Clara, Clara, Clara.
I was resisting wading into the recent story from New York City, that officials are seeking a new exam for admissions of gifted students that may involve testing children as young as 3, because hey, that’s in New York, while the demoralizing reality here in MoCo is that MCPS officials are moving inexorably in the opposite direction, doing their darnedest to obliterate the definition of giftedness while serving up a meager gruel and calling it gifted curriculum. Also, I am no testing expert. The tests they have been using in New York, the OLSAT and the Bracken School Readiness Assessment, are not ones they use here in MoCo.
But thanks to Clara (that would be Clara Hemphill, founder of Insideschools.org), I can no longer resist. Yesterday, as a followup to those stories, the NYTimes Room for Debate blog invited several “experts” to weigh in with their perspectives, in a blog post titled The Pitfalls in Identifying a Gifted Child. Ms. Hemphill was one of them. (The others are Susan K. Johnsen, Butler University; Joseph S. Renzulli, University of Connecticut; Tonya R. Moon University of Virginia; and Bige Doruk, founder, Bright Kids NYC)
Let’s look at some of Ms. Hemphill’s whoppers. One of the biggest comes in her second sentence, and frankly it leaves me scratching my head, wondering How can this woman possibly know anything about gifted education?
She says, “Children need to learn that hard work is more important than being born with a high IQ. Putting them in a “gifted” class sends the opposite message.” Clara, (and yes, I noted your use of quotes around the word “gifted”) the very point of grouping children in a gifted class with their intellectual peers is so, for maybe the first time in their lives, they WILL work hard. That they will be stretched, challenged and pushed. That they will learn that they in fact AREN’T the smartest kid in the room. In my humble opinion, there is more risk of high IQ kids developing that dreaded attitude of superiority if they remain in a regular on-grade level class, severely unchallenged.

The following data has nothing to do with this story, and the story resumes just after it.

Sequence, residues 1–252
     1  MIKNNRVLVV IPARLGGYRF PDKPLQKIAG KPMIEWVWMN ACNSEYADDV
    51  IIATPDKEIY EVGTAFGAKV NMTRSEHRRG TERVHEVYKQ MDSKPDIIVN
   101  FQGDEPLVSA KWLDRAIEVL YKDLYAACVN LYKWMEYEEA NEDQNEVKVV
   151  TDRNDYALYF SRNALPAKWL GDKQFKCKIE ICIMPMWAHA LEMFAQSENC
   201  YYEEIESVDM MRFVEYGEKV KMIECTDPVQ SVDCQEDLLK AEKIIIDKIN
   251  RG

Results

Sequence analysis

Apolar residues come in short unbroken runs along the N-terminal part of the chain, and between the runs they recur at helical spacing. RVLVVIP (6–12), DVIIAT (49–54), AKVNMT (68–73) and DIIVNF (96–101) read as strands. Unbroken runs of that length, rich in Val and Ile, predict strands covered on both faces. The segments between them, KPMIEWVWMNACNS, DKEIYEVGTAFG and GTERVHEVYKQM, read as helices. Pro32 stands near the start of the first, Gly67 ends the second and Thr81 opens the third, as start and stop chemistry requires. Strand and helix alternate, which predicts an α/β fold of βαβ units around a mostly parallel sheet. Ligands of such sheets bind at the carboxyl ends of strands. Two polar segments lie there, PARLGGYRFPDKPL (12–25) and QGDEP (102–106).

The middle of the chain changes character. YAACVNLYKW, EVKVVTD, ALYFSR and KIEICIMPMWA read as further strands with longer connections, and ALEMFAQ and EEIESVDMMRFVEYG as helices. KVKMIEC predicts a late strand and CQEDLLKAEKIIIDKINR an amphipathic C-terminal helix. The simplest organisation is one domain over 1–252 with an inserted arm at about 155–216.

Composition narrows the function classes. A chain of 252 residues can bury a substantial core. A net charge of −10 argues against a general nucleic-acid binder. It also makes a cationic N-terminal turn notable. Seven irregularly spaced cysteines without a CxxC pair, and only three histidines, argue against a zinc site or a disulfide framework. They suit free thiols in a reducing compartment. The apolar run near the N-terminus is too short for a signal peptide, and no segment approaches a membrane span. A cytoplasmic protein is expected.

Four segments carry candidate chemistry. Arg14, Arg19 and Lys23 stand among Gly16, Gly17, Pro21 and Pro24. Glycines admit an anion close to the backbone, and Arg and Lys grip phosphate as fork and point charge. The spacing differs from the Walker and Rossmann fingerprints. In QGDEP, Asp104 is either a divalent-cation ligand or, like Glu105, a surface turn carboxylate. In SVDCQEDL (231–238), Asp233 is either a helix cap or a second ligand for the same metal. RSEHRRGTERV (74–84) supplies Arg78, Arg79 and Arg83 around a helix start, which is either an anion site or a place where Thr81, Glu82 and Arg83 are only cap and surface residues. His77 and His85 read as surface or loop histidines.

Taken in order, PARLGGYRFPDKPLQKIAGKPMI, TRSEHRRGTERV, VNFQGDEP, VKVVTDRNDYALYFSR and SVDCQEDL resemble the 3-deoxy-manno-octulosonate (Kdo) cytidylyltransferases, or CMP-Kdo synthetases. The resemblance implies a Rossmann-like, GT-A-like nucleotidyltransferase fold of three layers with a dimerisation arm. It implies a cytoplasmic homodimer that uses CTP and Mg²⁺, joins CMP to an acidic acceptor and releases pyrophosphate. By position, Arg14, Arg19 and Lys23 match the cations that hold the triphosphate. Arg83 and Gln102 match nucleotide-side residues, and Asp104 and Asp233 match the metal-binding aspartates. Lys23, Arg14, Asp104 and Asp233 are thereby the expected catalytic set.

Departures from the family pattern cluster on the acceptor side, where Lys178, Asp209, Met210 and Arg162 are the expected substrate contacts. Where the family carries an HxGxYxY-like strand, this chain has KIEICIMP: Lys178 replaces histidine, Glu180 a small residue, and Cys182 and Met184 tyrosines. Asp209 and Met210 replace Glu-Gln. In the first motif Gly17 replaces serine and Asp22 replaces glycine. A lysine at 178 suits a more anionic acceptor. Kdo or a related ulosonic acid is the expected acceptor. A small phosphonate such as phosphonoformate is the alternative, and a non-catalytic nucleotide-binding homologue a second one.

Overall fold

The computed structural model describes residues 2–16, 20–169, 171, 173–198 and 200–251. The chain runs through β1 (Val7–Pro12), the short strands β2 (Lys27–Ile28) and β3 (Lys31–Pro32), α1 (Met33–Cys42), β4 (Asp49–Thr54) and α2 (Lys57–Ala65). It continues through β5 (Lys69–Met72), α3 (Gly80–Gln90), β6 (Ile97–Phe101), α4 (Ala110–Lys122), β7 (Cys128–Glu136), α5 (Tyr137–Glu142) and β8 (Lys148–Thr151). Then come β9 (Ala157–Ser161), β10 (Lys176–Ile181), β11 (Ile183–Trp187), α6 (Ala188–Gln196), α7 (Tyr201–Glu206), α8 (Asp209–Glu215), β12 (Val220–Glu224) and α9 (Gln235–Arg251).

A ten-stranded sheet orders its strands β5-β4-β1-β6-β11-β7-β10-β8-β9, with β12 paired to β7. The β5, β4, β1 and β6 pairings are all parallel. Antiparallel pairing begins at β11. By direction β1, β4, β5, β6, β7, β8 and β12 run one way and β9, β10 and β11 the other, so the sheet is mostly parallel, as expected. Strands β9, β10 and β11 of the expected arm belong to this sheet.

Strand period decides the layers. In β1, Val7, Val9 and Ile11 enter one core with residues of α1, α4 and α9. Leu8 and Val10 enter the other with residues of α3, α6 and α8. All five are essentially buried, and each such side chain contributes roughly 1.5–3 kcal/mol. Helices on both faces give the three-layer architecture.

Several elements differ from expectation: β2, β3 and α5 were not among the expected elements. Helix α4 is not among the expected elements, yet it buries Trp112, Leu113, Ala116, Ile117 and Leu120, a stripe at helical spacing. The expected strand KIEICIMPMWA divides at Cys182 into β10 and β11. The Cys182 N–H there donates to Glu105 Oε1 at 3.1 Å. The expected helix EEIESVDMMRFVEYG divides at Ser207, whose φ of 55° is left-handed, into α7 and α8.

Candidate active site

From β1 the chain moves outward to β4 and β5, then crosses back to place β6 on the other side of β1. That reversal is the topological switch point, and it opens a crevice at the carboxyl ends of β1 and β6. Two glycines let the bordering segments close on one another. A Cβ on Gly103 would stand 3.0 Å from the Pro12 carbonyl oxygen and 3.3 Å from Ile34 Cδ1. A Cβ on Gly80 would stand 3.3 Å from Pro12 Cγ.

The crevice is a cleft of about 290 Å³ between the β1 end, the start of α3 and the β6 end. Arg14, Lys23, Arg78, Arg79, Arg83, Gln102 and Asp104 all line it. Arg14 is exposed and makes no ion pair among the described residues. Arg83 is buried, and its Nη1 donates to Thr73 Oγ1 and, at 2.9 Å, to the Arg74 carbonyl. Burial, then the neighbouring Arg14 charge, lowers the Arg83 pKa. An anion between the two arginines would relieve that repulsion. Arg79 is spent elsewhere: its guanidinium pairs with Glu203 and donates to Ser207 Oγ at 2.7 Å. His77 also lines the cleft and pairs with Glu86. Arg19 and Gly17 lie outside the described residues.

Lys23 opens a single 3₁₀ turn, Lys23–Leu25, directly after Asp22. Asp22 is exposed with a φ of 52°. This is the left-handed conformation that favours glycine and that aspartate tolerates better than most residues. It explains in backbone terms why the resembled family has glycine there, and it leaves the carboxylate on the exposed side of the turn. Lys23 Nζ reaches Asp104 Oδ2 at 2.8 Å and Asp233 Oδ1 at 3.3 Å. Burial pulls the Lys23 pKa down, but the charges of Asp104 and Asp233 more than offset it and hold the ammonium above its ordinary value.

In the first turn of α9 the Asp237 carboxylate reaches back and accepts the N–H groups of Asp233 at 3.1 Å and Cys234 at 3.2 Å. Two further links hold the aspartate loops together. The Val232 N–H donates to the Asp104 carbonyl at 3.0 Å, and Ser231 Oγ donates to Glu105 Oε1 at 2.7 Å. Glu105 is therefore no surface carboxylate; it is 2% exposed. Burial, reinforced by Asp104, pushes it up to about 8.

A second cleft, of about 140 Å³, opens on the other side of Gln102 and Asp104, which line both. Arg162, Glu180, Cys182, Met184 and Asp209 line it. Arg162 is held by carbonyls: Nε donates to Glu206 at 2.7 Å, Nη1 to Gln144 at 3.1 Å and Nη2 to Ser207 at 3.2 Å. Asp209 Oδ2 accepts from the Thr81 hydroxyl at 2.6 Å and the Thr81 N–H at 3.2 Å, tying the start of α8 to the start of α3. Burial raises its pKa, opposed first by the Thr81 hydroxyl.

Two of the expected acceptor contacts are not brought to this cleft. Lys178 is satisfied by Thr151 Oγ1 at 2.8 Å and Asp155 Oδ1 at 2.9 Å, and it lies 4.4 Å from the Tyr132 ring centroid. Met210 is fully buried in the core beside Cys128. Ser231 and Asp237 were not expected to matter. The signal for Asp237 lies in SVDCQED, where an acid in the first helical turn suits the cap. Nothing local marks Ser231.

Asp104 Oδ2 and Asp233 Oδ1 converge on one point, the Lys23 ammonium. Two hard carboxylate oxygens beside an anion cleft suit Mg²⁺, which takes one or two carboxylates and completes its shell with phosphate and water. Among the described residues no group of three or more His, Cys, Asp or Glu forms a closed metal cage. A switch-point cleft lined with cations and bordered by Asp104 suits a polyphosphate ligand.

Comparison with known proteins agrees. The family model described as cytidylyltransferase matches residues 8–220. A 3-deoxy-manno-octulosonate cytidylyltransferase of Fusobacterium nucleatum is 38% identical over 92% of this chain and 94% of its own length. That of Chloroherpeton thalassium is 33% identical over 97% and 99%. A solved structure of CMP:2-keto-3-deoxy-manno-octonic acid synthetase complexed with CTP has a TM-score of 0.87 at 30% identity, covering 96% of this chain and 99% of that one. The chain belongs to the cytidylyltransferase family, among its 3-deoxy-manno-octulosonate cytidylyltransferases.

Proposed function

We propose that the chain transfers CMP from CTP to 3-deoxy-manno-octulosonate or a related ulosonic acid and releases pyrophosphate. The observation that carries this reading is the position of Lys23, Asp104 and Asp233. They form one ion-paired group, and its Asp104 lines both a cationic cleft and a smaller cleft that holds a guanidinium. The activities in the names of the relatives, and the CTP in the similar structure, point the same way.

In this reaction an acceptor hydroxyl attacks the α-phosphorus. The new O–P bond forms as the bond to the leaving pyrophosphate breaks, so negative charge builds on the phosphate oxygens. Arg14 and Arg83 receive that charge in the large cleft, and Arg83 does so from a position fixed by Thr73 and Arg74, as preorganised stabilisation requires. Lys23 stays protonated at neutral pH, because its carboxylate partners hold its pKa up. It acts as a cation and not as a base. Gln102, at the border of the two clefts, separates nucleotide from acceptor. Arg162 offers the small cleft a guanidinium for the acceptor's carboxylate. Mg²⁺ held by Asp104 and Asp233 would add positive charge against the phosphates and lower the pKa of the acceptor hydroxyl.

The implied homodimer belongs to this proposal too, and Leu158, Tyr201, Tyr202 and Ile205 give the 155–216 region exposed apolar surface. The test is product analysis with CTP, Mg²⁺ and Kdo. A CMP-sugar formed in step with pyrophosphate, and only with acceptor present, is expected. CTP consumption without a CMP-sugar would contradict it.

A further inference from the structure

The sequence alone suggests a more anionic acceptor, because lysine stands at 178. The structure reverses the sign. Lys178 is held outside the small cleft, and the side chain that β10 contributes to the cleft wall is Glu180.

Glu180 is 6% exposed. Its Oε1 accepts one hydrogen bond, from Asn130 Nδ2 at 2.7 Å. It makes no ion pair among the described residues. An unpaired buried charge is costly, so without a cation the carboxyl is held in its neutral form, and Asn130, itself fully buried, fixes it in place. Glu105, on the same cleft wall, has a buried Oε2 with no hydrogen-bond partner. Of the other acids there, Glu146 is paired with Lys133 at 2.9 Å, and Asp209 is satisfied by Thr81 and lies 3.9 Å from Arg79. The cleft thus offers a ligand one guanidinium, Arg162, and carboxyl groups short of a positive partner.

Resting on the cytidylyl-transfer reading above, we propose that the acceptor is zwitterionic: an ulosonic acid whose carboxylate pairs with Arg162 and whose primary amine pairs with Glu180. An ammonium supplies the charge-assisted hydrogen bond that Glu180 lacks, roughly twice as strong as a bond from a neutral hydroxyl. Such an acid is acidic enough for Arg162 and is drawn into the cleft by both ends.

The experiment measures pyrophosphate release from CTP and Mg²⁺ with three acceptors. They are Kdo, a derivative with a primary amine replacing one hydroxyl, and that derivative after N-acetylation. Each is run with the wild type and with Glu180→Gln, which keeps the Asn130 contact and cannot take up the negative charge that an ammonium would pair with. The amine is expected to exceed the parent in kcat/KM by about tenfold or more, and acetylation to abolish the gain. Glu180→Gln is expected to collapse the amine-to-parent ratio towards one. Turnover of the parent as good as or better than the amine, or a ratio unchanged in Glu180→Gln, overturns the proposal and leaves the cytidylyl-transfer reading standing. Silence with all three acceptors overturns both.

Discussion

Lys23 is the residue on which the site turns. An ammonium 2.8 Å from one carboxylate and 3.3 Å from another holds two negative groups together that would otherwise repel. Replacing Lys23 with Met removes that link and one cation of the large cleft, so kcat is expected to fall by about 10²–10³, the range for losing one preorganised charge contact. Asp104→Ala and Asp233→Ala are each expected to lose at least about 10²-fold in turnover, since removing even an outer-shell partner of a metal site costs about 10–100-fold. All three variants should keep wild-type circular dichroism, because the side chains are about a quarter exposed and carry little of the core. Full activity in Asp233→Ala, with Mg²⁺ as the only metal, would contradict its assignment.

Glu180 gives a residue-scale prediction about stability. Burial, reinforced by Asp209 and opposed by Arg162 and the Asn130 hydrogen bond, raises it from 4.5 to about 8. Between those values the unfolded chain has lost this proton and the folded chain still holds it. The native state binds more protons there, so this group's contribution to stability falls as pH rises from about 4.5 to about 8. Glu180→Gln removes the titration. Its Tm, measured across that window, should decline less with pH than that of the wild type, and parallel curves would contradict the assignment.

Ms. Hemphill thinks it “important for academically successful children be exposed to and to learn from children who are talented in ways that are not measured by early gifted and talented tests.” Newsflash, Clara: a) Academically successful kids don’t live in a box. Our culture celebrates those other kinds of giftedness at every turn; b) Chances are many of those academically gifted kids are also “musical or athletic or good at resolving playground squabbles.” Just sayin’; c) Why in music and sports do we not have a problem acknowledging that kids thrive when grouped with others at their ability level and don’t pretend that they improve by playing with/competing with less gifted/talented kids–and yet “academically successful” kids don’t deserve the same?
And let’s take a look at that on-grade level class, according to Ms. Hemphill.
The things you need to learn in kindergarten are pretty much the same whether you have Downs Syndrome or an IQ of 170: how to tie your shoes, sit in a circle, play nicely, take turns and share your toys. Sure, academics are important, but a good teacher should be flexible enough to challenge children with a range of abilities in one class, giving Frog and Toad to a beginning reader and Harry Potter to a more advanced reader, or finding a 200-piece puzzle for a child who has finished the 100-piece puzzle.